Back out in the Labyrinth, Maria and her companion, the self-proclaimed senior member of the revolution, emerge from the sewer drain and arrive at the edge of a beautiful garden on the outskirts of the castle. The feisty worm explains to Maria that their world is in the midst of class war between the goblins and the oppressive King who rules them. As the two heroes head toward the castle, they come across a bunch of mounted goblin knights chasing after Tangle. It appears the hedge has escaped the captivity of the king and is being pursued. Maria, having had just about enough of her friends being tormented, pulls out the magic chalk breaking the world of the Labyrinth and drawing the mounted goblin knights out of the world completely and rescuing her friend much to the amazement of Cible.

The issue ends back at the castle with the Owl King and Septimus casting Sir Skubbin back out into the Labyrinth and instructing him to find Maria and foil her plans. After the Skubbin is gone, the two evil cohorts discuss their true plan for the child and what sinister fate the Owl King has in store for baby Jareth.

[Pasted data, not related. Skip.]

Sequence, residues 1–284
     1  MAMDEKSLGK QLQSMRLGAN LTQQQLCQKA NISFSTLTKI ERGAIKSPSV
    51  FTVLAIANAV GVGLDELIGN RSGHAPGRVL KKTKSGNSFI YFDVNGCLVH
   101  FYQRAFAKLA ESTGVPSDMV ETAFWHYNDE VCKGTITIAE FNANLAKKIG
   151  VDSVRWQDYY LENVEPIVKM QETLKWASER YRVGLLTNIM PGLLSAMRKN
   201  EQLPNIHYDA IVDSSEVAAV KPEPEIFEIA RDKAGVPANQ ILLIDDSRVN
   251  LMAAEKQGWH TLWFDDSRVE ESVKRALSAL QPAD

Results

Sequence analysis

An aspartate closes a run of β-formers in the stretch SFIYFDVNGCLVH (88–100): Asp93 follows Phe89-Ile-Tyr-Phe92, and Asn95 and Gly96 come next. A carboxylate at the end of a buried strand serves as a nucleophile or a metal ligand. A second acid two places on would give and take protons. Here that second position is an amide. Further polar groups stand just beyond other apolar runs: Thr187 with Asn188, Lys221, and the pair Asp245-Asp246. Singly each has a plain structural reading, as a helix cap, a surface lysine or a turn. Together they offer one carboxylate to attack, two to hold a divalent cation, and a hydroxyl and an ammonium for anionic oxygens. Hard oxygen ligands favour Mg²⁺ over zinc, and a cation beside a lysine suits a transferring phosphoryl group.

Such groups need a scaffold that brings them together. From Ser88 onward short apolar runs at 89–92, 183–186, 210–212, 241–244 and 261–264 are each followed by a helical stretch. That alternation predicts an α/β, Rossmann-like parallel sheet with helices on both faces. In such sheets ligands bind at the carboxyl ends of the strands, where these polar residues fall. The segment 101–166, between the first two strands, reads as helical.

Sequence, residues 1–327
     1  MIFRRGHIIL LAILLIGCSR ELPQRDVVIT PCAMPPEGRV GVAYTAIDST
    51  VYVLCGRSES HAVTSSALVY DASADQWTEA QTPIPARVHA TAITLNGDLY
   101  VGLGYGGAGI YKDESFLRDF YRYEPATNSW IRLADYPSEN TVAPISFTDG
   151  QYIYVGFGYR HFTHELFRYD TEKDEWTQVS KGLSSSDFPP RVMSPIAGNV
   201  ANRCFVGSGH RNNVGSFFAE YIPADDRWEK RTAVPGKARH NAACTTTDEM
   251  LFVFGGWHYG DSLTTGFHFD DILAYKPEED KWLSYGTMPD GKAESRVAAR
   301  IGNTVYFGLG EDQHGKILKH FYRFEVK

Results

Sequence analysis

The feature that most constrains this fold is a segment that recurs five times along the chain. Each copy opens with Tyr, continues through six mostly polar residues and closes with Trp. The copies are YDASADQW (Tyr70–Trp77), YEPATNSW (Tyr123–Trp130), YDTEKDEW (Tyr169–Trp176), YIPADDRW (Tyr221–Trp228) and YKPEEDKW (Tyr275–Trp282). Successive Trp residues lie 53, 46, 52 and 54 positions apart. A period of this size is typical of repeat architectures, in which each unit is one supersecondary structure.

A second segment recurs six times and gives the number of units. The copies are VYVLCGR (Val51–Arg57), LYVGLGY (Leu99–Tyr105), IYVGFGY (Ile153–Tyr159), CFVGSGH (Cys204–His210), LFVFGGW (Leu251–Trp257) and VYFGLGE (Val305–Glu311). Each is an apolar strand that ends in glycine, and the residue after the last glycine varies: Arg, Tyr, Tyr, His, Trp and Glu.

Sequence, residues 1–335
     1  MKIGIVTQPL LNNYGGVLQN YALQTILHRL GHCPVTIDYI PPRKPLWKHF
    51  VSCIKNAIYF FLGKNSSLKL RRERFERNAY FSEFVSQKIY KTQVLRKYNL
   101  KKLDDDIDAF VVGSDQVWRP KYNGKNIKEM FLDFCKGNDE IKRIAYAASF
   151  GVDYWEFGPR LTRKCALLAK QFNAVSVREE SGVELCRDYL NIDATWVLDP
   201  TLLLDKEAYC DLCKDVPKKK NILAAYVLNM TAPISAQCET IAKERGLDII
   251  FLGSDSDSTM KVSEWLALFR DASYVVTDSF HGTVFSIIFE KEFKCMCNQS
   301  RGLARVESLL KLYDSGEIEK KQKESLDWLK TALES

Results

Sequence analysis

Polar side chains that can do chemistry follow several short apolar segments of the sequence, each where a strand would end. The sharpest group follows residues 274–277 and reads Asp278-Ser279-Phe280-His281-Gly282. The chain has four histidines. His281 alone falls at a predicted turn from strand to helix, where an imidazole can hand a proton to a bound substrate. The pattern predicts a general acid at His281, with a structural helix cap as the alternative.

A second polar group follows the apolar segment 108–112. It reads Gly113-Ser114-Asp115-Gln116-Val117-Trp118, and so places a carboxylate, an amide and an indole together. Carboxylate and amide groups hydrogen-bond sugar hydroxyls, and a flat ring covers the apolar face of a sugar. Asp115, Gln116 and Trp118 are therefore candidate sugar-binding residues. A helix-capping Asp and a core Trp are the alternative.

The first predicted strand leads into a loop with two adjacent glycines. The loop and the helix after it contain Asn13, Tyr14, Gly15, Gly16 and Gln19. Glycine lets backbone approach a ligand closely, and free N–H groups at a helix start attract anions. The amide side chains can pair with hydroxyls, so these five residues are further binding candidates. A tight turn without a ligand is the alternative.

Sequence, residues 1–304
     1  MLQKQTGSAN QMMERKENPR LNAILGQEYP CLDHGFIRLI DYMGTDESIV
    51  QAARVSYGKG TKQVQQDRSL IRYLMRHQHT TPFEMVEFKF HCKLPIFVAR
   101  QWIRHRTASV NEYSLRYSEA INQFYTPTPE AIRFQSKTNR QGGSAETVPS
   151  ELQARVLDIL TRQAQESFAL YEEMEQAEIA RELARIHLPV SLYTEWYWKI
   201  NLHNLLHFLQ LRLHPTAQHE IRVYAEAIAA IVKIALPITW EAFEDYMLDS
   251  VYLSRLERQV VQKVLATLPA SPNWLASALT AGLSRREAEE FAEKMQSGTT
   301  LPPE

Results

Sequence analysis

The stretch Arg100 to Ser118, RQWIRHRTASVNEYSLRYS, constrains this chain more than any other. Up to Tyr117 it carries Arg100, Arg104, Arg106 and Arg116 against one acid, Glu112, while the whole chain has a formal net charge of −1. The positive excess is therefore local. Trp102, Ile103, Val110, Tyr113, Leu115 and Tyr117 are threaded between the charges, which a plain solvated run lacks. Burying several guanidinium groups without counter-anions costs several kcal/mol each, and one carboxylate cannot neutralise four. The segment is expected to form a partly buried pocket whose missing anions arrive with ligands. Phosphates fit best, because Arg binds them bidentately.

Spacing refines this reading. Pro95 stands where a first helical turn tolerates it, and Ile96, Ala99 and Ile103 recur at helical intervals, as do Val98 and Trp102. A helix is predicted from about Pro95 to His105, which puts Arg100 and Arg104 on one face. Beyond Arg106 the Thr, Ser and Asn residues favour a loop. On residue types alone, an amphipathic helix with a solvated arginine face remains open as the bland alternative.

Simon Spurrier and Daniel Bayliss have truly outdone themselves on this magnificent series and on this pivotal issue. The artwork is nothing short of breathtaking and dynamic. Bayliss continues to immerse the reader in this fantastic world in such a beautiful way. He captures the look and the feel of the world of Labyrinth perfectly while also throwing his own unique style and dynamic into the mix. It is bright, colorful, and beautiful to look at. The action and intensity in this issue complements and amplifies the brilliant story that Spurrier is telling. The waterways of the sewer as well as the battle with the mounted goblin knights is action-packed and exciting, inspiring the imagination while also harkening back to the fun whimsical images from the film.